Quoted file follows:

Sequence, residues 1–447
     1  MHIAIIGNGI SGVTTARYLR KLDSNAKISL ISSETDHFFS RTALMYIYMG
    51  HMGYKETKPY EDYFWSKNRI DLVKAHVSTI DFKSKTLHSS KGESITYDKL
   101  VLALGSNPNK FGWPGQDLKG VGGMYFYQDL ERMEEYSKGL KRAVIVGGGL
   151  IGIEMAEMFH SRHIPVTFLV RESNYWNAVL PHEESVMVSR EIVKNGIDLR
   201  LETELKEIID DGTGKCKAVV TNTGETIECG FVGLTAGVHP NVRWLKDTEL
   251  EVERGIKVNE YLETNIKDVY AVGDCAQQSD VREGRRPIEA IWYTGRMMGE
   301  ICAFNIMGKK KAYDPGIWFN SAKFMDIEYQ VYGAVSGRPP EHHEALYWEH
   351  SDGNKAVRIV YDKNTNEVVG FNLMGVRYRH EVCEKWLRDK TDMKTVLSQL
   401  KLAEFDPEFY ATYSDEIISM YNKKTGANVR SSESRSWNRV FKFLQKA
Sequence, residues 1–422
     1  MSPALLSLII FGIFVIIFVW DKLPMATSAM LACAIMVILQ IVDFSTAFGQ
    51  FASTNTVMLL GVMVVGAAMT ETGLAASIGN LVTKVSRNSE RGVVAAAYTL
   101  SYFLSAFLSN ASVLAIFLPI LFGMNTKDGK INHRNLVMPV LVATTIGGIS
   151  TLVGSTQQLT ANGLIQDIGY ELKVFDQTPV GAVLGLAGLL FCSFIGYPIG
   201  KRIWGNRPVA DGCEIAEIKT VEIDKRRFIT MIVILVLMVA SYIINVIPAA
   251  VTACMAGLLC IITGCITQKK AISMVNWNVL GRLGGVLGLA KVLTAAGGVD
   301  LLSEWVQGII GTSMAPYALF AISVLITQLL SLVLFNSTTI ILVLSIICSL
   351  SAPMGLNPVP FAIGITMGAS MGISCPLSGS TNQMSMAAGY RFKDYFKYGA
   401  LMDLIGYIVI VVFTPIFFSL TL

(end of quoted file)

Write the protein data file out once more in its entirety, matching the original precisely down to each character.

Sequence, residues 1–447
     1  MHIAIIGNGI SGVTTARYLR KLDSNAKISL ISSETDHFFS RTALMYIYMG
    51  HMGYKETKPY EDYFWSKNRI DLVKAHVSTI DFKSKTLHSS KGESITYDKL
   101  VLALGSNPNK FGWPGQDLKG VGGMYFYQDL ERMEEYSKGL KRAVIVGGGL
   151  IGIEMAEMFH SRHIPVTFLV RESNYWNAVL PHEESVMVSR EIVKNGIDLR
   201  LETELKEIID DGTGKCKAVV TNTGETIECG FVGLTAGVHP NVRWLKDTEL
   251  EVERGIKVNE YLETNIKDVY AVGDCAQQSD VREGRRPIEA IWYTGRMMGE
   301  ICAFNIMGKK KAYDPGIWFN SAKFMDIEYQ VYGAVSGRPP EHHEALYWEH
   351  SDGNKAVRIV YDKNTNEVVG FNLMGVRYRH EVCEKWLRDK TDMKTVLSQL
   401  KLAEFDPEFY ATYSDEIISM YNKKTGANVR SSESRSWNRV FKFLQKA
Sequence, residues 1–422
     1  MSPALLSLII FGIFVIIFVW DKLPMATSAM LACAIMVILQ IVDFSTAFGQ
    51  FASTNTVMLL GVMVVGAAMT ETGLAASIGN LVTKVSRNSE RGVVAAAYTL
   101  SYFLSAFLSN ASVLAIFLPI LFGMNTKDGK INHRNLVMPV LVATTIGGIS
   151  TLVGSTQQLT ANGLIQDIGY ELKVFDQTPV GAVLGLAGLL FCSFIGYPIG
   201  KRIWGNRPVA DGCEIAEIKT VEIDKRRFIT MIVILVLMVA SYIINVIPAA
   251  VTACMAGLLC IITGCITQKK AISMVNWNVL GRLGGVLGLA KVLTAAGGVD
   301  LLSEWVQGII GTSMAPYALF AISVLITQLL SLVLFNSTTI ILVLSIICSL
   351  SAPMGLNPVP FAIGITMGAS MGISCPLSGS TNQMSMAAGY RFKDYFKYGA
   401  LMDLIGYIVI VVFTPIFFSL TL